The most powerful manifestation that we are a faith-community is when we say the creed together. Think about what is happening at that point in our service – we stand together … young and old … toddler and venerable … with all our diversity of gifts and interests … with our friendships and colleagueships … with our close relationships and our strained relationships … with our active membership and with our simply being here … with our multi-faceted love – – – we are standing as a community together. And because we are a community, we are inclusive.

And we say the words of the Creed together – this historic, important, but communal-and-personal statement of faith. “We believe in one God,” we say. That’s what marks us out from so many people in the population. “We believe in one God.” And as it goes on, the Creed takes us through the summary statement of our faith – We believe in one God … the Father … we believe in God the Son … we believe in God the Holy Spirit … we believe in the universal people of God, the Church.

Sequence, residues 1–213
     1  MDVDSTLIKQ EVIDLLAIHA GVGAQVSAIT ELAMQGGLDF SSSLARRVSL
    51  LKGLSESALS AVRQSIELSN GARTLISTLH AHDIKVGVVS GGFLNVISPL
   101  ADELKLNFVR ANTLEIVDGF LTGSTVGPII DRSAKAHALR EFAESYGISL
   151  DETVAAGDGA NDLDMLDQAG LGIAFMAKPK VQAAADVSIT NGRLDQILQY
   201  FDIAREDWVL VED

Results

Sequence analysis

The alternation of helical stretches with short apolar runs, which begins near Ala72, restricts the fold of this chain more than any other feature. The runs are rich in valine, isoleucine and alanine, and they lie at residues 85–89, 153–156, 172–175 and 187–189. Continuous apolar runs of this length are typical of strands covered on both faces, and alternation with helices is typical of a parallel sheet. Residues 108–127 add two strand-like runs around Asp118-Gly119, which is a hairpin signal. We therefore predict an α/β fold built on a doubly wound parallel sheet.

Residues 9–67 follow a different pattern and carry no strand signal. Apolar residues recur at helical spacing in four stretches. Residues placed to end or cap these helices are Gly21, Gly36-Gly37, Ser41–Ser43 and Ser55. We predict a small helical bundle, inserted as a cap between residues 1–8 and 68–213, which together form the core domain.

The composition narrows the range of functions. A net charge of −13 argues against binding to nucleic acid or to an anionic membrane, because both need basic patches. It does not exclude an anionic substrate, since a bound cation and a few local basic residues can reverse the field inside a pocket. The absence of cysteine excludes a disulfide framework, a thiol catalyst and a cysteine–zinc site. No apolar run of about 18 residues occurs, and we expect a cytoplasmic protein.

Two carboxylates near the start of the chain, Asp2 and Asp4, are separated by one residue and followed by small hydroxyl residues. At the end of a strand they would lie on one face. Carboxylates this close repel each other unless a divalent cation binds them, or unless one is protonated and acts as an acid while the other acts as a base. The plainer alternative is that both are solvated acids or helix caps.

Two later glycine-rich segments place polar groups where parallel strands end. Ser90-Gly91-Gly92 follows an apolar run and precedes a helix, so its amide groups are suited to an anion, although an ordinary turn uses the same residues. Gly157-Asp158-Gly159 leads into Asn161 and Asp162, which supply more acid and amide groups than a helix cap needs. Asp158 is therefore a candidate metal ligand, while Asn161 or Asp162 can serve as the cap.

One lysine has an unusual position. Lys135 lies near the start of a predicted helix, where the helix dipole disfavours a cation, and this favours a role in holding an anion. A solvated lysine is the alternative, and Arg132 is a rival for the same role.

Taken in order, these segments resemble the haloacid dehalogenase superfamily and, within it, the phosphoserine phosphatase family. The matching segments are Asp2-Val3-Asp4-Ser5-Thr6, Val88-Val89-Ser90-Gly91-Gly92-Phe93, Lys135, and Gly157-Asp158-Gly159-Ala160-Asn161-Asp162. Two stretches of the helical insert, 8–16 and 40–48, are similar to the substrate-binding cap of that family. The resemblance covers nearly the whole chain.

And because we believe in God the Son, we are Christ-centred. And because we are centred on Christ who was engaged in God’s mission, we then are mission-oriented. And because we are mission-oriented, we are praying and prayerful people, praying with Jesus, ”Your kingdom come.”

So – at the end of this long and interrupted series of sermons – what have we confirmed about St Andrew’s Walkerville? St Andrew’s is a Christ-centred, sacramental, inclusive, thinking, praying and prayerful, mission-oriented, faith community.

In brief, we say “We are the body of Christ.”
For … truly … as the response says, “His Spirit I with us.”